Movie Review: Suicide Squad (2016)
“Worst. Heroes. Ever.”
Suicide Squad (2016)
Director: David Ayer
Cast: Will Smith, Jared Leto, Margot Robbie
Synopsis: A group of imprisoned supervillains are recruited to form a crime-fighting organisation in return for reduced prison sentences.
Follow us on Facebook.
Catch all our reviews on Facebook.
Like all movies saddled with a pre-release status of Most Eagerly Anticipated Movie of the Summer, Suicide Squad, the latest addition to a DC universe that stubbornly refuses to gain traction, was always going to stand in the crosshairs of those with an agenda. The release of superhero movies, in particular, provokes sharply opposing reactions, often which have relatively little bearing on the actual quality of the movie in question. So, as a viewer who is neither a fan of the bloated superhero genre, or of the concept of alternative cinematic universes in which the movies are so intertwined that they begin to make little sense to a casual moviegoer, I can, after all the hype and anticipation, report that Suicide Squad is… well… ok.
Taking place shortly after the events depicted in Batman v Superman: Dawn of Justice, Suicide Squad sees Government Agent Waller (Viola Davis – The Help, Prisoners) on a mission to assemble a team of highly skilled crime fighters comprised of the most dangerous criminals currently residing in the country’s top security prison. As plans go, it’s just a little bit crap, but this is comic-book world, so she receives a tentative thumbs-up and, with the aid of Rick Flagg (Joel Kinnaman – Run All Night, Robocop), explains the situation to the six super-criminals dutifully assembled. Basically, this boils down to ‘do what we tell you and we’ll reduce your sentences.’ Most of the candidates view the offer with open cynicism, and probably all see it as an opportunity to escape, although, once they accept, the explosive device implanted into each of their necks they don’t tend to stray too far.
All superhero franchises begin with an origin story, and origin stories are often dramatically inert. It’s a problem shared by all movies hoping to be the first in a series, but, with The Suicide Squad, the problem is magnified six-fold, because here we have to peruse the big red This is Your Life book of not just one, but six, superheroes. Even allowing for the fact that Suicide Squad tries to breeze through the histories of all but Deadshot (Will Smith – Focus, Concussion) and Harley Quinn (Margot Robbie – The Wolf of Wall Street, The Legend of Tarzan), it still idles long enough for us to impatiently yearn for the story to kick in. But then the film hits its second hurdle: there is no plot.
Well, ok, there is a plot, but it’s so bland that it just does its own thing in the background while we watch these new friends getting to know one another. The Squad’s nominal leader, largely because he’s awarded the most screen time, is Deadshot, a ‘serial killer who takes credit cards’, and who’s devoted to the daughter who stood between him and a point-blank shot at Batman (a cameo from Ben Affleck). Harley Quinn was once a prison psychiatrist, but she fell under the spell of a particularly fascinating inmate known as The Joker (Jared Leto – Alexander, Lonely Hearts) who seduced her into a life of crime. The other, secondary, members of the Squad are Digger Harkness (Jai Courtney – Jack Reacher), who thinks nothing of increasing his share of the spoils from a heist by killing his accomplices, the fire-wielding El Diablo (Jay Hernandez), the mutant-skinned Killer Croc (Adewale Akinnuouye-Agbaje – Concussion), and Oriental swordswoman, Katana (Karen Fukuhara).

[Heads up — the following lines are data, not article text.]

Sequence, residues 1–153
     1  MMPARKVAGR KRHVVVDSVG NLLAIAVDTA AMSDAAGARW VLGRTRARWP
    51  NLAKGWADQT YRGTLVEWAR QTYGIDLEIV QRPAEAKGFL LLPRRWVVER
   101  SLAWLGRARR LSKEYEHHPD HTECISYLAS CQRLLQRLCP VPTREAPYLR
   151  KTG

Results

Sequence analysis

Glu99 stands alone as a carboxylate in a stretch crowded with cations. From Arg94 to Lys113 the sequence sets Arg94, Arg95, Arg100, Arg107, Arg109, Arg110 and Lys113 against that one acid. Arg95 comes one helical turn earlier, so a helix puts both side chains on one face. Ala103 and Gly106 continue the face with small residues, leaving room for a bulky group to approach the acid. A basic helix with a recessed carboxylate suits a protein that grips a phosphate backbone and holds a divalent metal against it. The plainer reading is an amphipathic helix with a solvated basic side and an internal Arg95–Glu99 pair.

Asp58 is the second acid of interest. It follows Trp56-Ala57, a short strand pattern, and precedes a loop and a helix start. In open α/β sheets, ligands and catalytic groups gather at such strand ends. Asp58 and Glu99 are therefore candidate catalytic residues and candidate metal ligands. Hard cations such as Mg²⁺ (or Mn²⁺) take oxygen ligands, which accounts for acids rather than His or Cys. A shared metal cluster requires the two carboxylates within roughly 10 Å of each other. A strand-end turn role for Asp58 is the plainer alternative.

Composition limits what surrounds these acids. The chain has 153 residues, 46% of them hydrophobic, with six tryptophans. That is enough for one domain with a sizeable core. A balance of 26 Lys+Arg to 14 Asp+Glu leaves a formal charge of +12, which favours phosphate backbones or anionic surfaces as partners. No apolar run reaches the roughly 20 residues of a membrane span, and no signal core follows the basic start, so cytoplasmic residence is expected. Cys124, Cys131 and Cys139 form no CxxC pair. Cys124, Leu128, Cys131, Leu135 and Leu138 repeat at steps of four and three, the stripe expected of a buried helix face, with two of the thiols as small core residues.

This dirty half-dozen represent the lowest dregs of society, highly violent sociopaths with no regard for the wellbeing of anyone but themselves. And therein lies another problem that Suicide Squad fails to address: the only possible way to build a story around such irredeemable degenerates is to soften the very character defects that make them the villains that they are – but by doing that, the whole foundation upon which the concept is built is fatally undermined. It’s a conundrum that Suicide Squad never satisfactorily solves, and now probably never will without a major reboot.
The sheer number of characters in the movie makes it difficult for any one individual to stand out, but Margot Robbie – and, to a lesser extent, Will Smith – does manage to make an impression as the manically sexy but deadly baby-doll killer whose unconditional love for The Joker is perhaps the one strand in the movie that could have benefited from a little more screen time. Unfortunately, The Joker is relegated to the sidelines for much of the picture, with chief bad-guy duties falling to a lacklustre villainess known as The Enchantress (Carla Delevingne), who will be unfamiliar to anyone not already immersed in the DC universe. Will Smith, as reliable as ever and looking lean and fit, works hard to turn Deadshot into a flesh-and-blood creature, but is largely undone by the pedestrian script and weak plot.
Although Warner ordered extensive reshoots in order to beef up the laughs in Suicide Squad following the poor performance of Batman v Superman, they’re still pretty few and far between, leaving us to wonder just how dark the movie was before the rewrites. The action sequences do at least pass muster, and the sheer scale and spectacle of the enterprise is admirable, but while Suicide Squad just about works as a stand-alone movie, as one designed to lay the foundations for a whole series of movies to come, it falls far short of expectations.
(Reviewed 7th August 2016)